Flashback Friday: Vista House

There are many natural wonders to love about the Columbia River Gorge – from the waterfalls, to the rock formations, to the powerful river – it offers nature at its finest. One of my favorite things about the Gorge, though, is man-made: The Vista House.

In our latest Flashback Friday, we’d like to showcase this amazing piece of early 20th century construction.

The Vista House atop Crown Point with Beacon Rock looming in the background in the smoky haze. Stopping at the Women's Forum State Park just down the road from the Vista House affords awesome views as well.
The Vista House atop Crown Point with Beacon Rock looming in the background in the smoky haze. Stopping at the Women’s Forum State Park just down the road from the Vista House affords awesome views as well.

A beautiful sandstone structure sitting on Crown Point is “an observatory from which the view both up and down the Columbia could be viewed in silent communion with the infinite.”

The 44 foot in diameter by 55 feet in height structure was built between 1916 and 1918 and was funded by Multnomah County and donations from private parties, according to the Vista House website.

Edgar Lazarus designed Vista House as an example of modern German architecture, per the website. It has a green roof and features Alaskan marble in the interior.

The interior of the Vista House is stunning. Stained glass windows, Alaskan marble, and this amazing roof. It is a must see if you are driving on I-84 in Oregon.
The interior of the Vista House is stunning. Stained glass windows, Alaskan marble, and this amazing roof. It is a must see if you are driving on I-84 in Oregon.

When we went they were doing work on the Historic Columbia River Highway, so you couldn’t drive on the circular drive next to the Vista House. That stretch is open now, though, giving modern day travelers the chance to view the Vista House like their ancestors before them.

It’s also worth visiting the Portland Women’s Forum state scenic viewpoint down the road from Vista House, which gives you a chance to overlook the Gorge and Crown Point.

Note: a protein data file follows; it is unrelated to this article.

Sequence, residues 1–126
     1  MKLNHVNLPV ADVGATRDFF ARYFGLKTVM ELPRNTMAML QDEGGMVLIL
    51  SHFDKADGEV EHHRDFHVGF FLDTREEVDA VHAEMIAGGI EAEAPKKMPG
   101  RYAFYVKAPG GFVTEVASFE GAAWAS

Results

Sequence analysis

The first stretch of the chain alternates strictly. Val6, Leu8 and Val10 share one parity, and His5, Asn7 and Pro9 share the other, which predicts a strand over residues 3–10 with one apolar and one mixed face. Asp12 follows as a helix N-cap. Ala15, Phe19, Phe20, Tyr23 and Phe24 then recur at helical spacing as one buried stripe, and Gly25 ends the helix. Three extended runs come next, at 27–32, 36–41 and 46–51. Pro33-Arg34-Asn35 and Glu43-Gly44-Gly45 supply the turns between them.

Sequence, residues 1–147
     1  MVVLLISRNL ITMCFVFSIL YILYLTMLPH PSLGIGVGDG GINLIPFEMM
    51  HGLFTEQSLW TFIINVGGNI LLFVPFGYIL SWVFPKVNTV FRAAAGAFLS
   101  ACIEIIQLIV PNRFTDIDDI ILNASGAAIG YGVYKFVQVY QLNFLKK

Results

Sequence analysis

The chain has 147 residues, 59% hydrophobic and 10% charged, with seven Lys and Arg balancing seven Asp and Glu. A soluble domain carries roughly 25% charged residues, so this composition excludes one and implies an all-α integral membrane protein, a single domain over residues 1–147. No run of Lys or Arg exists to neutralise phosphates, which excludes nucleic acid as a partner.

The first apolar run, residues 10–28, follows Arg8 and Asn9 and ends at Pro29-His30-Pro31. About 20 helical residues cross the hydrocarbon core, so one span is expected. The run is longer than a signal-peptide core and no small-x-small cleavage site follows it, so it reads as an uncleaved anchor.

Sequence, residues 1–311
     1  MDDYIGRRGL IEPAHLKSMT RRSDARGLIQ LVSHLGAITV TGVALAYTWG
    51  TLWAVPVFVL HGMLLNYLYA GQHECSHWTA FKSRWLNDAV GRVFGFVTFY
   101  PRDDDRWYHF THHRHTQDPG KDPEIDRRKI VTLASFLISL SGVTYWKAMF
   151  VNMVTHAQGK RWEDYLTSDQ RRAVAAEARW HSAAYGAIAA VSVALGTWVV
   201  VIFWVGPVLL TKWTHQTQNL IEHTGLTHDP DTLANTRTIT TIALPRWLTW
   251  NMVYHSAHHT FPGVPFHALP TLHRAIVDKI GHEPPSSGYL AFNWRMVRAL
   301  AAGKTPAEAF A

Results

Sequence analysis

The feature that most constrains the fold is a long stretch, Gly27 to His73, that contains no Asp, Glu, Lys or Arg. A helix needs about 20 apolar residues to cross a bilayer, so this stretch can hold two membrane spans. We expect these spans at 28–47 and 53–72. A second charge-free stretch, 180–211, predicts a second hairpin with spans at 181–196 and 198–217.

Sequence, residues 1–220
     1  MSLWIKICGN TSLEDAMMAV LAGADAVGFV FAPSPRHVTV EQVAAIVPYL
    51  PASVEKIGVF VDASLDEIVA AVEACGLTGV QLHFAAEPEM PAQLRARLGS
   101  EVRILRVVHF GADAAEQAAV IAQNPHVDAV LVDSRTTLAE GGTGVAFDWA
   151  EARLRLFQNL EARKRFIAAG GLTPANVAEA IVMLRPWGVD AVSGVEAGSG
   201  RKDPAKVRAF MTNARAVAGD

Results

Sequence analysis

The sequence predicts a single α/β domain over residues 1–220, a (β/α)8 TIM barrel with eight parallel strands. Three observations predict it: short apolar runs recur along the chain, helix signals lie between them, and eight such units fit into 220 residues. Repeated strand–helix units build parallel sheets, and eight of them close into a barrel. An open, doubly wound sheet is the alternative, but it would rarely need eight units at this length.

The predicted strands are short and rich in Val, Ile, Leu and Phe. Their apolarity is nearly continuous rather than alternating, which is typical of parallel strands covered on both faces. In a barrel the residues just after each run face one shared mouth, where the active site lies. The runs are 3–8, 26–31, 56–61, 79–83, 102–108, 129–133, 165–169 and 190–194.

The views from the Vista House are too good to be true. Here a lush valley and the mighty Columbia River can be seen looking upstream.
The views from the Vista House are too good to be true. Here a lush valley and the mighty Columbia River can be seen looking upstream.

It’s easy to visit these places and imagine the toil of travelers in the past – be it Native Americans working their way through the Gorge centuries ago to pioneers traversing the Oregon Trail. Man’s construction of buildings like Vista House is only topped by nature’s construction of the Columbia River Gorge, which is one of the most fascinating places on the planet.

The other thing I love about Vista House is that it is a place for the people – not only is it free, but it offers its stunning views to people from all walks of life and all social classes. As long as you can travel, you can stop and see all that the Gorge has to offer.

Why does it seem like I am wearing this Wilco shirt in every photo we ever post?
Why does it seem like I am wearing this Wilco shirt in every photo we ever post?

I have driven through large swaths of our country and this is easily the nicest rest stop I’ve ever visited (though I’ve now just had a thought for a new blog post: Best rest stops in the western United States!).

The Vista House is in the vicinity of Multnomah Falls, which is one of the most famous falls in the country.
The Vista House is in the vicinity of Multnomah Falls, which is one of the most famous falls in the country.

Anyway, the next time you are in the Gorge be sure and stop and look at the waterfalls, but also travel to the top of the 744-foot cliff and visit the Vista House as well.

– Craig Craker

If you go
Location: 40700 Historic Columbia River Hwy, Corbett, OR 97019. It is just off of Interstate 84, 25 miles east of Portland.
When: Anytime of year, though we went in the fall and the colors were amazing.
What: Historic rest stop opened in 1918, offering stunning views of the Columbia River Gorge.
Fees: None.
Kid-friendly: Absolutely.

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